I had some really strong Braxton-Hicks contractions the night before she was due. I remember thinking that I would try and go to sleep and if I could sleep through them, they probably weren't real ones. I was rather disappointed to wake up the next morning without having gone to the hospital during the night. The next day was her due date, January 12th. That night, I had really strong Braxton-Hicks again and went to bed, again, hoping to be woken up. Around 4 in the morning, I woke up because it hurt and I got up and walked 3 steps to our living room without waking up Geoff. I drank something, ate something and turned on a movie on our teensy TV. Around 6 am, I woke Geoff up. We wrote down contractions and finally went in. She was born around 9:30 am, January 13, 2000 weighing one ounce shy of 8 pounds! A really good weight for a first full-term baby. She'd had a little bit of meconium, but otherwise wasn't under any stress at all. Her small head had made for a very quick labor and the doctor, who had attached a vacuum, couldn't get it off fast enough as she came out in such a hurry!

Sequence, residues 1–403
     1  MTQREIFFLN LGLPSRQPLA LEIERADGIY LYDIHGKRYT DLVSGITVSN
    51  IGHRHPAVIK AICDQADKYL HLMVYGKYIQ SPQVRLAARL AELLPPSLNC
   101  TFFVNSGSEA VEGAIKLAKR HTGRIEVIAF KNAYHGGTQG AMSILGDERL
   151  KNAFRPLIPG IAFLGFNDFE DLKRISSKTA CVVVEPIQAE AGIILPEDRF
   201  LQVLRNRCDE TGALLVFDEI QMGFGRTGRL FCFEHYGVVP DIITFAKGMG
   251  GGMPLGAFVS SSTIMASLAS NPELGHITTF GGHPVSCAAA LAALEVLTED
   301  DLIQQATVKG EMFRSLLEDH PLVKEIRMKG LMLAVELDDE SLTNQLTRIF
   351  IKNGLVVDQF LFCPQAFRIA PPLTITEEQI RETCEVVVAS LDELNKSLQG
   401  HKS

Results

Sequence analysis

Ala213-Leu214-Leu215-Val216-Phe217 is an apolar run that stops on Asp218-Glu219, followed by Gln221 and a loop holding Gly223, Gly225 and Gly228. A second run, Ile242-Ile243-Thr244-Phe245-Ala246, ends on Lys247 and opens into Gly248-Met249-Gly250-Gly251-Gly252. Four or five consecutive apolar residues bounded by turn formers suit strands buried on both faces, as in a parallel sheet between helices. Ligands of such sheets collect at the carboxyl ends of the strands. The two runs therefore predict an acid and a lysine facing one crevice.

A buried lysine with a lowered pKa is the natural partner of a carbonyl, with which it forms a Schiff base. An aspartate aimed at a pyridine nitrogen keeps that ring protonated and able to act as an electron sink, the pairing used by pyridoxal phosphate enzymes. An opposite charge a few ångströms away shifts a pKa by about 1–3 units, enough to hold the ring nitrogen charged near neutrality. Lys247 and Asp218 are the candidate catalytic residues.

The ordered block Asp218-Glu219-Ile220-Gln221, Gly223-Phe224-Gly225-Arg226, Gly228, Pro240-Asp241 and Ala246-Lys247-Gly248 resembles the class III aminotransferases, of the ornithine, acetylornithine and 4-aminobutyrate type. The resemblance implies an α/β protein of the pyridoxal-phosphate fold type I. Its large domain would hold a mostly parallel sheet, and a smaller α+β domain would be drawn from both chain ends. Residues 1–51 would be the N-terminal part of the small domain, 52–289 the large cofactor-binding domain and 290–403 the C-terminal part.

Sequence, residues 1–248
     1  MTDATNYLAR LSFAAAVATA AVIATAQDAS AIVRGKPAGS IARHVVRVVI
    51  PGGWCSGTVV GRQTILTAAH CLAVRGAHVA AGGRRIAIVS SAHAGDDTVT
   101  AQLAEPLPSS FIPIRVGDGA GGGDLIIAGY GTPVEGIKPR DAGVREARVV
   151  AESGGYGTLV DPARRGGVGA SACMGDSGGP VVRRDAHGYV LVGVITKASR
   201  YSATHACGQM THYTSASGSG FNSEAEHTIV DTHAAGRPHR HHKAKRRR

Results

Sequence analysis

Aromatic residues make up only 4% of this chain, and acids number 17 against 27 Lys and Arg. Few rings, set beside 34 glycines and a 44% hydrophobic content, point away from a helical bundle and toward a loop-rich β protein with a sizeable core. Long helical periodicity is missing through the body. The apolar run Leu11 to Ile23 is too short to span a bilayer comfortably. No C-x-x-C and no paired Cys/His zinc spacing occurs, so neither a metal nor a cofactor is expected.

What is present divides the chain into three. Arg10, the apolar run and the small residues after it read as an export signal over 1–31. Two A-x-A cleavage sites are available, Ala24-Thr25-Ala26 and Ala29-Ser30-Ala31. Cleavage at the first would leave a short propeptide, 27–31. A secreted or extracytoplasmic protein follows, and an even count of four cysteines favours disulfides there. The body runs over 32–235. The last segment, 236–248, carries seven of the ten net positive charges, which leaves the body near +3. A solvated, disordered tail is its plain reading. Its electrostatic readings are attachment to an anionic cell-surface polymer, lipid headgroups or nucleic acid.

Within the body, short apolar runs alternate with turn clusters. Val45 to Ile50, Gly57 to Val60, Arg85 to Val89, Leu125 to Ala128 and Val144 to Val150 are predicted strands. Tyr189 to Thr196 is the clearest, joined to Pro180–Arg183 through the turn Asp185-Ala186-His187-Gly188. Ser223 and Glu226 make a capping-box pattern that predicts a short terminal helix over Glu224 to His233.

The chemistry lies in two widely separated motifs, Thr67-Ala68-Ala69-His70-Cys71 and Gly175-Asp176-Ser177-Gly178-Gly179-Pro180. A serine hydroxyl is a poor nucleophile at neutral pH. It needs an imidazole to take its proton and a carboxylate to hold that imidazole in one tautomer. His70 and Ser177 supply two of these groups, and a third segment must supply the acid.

She was so tiny. So soft. So pink. So perfect. She had fuzzy dark hair and long, skinny fingers.

The nurses got after me the second night because she came back to the nursery too cold. I had to unwrap her and play with her toes to get her to eat. She was such a sleepy eater. The morning we were supposed to go home, I woke up and asked them to bring her to me. They didn't. I waited. I asked again. I waited some more. They finally told me they'd had to put her on oxygen the night before because she couldn't keep her sats up on her own. When Geoff got there and we finally got to go down to the Nursery, she was in a head box. Meaning there was a plexi glass box over her head with a higher concentration of oxygen swirling around in it. They don't usually do this anymore because it can damage the baby's eyes. They kept her a couple of extra days in the Logan hospital because she just couldn't keep her oxygen up. Walking out of that hospital was one of the hardest things I had ever had to do. I didn't get to ride in a wheelchair holding my brand new baby. I walked out, leaving her behind.